Time – making time for people to feel comfortable enough to open up and talk can make a real difference. Giving time for people to really open up if they feel like they want to talk in their own time is very important.
Confidentiality (with limitations) – It’s very important to ensure confidentiality when sharing or having things shared with you; however if it becomes evident there is a risk to someone, this is the golden rule that can be broken. People need to understand there are certain boundaries.
Listening – When you see someone having a hard time with their mental health, if you do nothing else, make sure you listen. This can be one of the most empowering things you can do to help.
Say what you see, but show empathy, not sympathy – if you are getting the sense someone is having a tough time, say it to them, but don’t try to counteract this with your own feelings or experiences. Showing empathy and recognising that their issues are unique to them, is much more helpful and supportive.
Impartiality – You may not necessarily understand why someone is feeling the way they do, but that’s OK. It’s important to understand that people’s emotions can be different, including our own.
Taking action – When someone has come to you and you have offered tools for support, ensure that you follow this through and are guided by the choices they wish to make.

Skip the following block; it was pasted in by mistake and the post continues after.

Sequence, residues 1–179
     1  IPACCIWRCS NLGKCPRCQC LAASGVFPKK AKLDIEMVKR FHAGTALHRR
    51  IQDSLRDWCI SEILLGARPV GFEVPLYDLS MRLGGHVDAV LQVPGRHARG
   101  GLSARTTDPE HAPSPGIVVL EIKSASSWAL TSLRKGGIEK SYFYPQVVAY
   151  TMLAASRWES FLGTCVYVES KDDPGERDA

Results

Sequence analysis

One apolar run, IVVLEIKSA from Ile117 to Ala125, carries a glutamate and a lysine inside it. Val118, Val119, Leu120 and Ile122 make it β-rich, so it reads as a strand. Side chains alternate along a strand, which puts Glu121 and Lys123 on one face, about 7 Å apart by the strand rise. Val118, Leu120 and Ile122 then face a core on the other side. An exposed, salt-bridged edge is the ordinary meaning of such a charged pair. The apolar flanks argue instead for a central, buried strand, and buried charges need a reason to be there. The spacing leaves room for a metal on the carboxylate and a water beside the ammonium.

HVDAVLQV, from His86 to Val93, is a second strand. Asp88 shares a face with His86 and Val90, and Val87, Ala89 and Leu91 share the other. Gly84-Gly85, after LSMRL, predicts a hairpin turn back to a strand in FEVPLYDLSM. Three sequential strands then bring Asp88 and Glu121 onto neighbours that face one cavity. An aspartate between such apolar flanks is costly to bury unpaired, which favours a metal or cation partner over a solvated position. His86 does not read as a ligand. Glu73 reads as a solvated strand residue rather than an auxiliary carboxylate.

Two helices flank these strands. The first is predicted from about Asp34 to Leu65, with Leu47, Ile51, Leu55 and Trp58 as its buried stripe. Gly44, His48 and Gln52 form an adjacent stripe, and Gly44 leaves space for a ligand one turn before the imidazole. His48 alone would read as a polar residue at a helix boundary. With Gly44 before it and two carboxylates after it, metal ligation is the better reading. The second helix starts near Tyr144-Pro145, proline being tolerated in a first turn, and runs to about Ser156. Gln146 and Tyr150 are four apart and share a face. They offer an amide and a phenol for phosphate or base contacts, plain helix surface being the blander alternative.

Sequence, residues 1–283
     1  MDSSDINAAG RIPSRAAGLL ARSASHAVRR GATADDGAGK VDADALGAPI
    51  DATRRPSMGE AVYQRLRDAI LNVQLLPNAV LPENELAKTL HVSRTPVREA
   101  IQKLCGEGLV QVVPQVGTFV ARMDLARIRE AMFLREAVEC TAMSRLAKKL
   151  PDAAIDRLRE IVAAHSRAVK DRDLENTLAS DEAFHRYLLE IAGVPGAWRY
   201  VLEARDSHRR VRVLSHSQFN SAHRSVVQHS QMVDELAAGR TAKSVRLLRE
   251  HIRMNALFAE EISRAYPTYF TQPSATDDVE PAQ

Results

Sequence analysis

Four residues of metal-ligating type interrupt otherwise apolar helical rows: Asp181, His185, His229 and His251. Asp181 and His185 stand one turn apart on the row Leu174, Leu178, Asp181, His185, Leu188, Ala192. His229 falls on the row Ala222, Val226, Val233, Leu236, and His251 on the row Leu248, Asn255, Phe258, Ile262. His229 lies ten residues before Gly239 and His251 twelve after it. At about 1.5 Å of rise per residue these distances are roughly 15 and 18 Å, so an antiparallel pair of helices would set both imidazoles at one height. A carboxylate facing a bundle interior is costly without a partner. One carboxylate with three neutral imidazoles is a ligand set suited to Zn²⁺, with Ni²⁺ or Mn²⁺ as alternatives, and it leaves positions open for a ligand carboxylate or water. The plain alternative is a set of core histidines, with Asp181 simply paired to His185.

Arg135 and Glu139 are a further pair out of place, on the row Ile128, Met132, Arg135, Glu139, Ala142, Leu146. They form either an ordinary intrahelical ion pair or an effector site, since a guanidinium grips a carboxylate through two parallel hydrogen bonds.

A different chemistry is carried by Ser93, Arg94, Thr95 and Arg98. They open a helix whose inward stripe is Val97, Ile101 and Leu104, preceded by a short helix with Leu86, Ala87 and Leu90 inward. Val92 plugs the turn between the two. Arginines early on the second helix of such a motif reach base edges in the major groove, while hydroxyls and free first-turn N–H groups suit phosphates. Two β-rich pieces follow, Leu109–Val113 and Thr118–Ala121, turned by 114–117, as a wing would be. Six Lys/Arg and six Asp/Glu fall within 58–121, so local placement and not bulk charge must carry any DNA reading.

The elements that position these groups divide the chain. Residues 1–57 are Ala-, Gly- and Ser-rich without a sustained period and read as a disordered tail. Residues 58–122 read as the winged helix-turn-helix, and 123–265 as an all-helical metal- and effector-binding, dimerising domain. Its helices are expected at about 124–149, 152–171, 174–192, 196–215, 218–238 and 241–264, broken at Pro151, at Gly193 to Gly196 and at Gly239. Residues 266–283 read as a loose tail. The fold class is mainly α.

Being mindful of your own needs – Give yourself prep and recovery time, and ensure you are looking after your own mental health needs.
Authenticity – There is no pre-written script for helping others, and it’s important not to feel you need to take on the persona of someone else. We are all human, so just be yourself. It is enough.
But what about when we’re all apart?
Working remotely can have its challenges, so it is especially important to find ways to keep people having these conversations. We can:
Be proactive – Make sure you are regularly ‘checking in’ with people and asking how they are, or how their day or week has been.
Make non-task stuff a priority – Often we will have lots of meetings and tasks in our diaries, and will keep in touch with each other about these important things, but it’s also really important that we take the time to catch up on things that are not work related.
Keep appointments – keeping to things you’ve planned with people ensures they know that they are valued.
Be deliberate – Look out for things and be aware of what is happening around you, as it’s more difficult to do this when you are not all together.
Be more aware and keep talking about mental health – the more you talk about mental health and are aware of it, the more other people can see that its important and its OK to talk about it, and the more you will create and nurture a positive mental health culture.
It’s important to realise we are not working under normal circumstances, we are all working under a crisis, and for many of us our mental health has been up and down as we each navigate how the pandemic has affected us and those around us personally.
A lot of the touchpoints have been around tasks and work, and it’s really important to build in those times with your team members for personal conversations that are not about work, and creating those separate spaces and gaps between work tasks to really talk to each other about other things, so that you can spot when someone may be disengaging or struggling. Much of the work needs to be done before we get to this point, and this is about having lots of ongoing open conversations, now and into the future, not just when it comes to the crunch.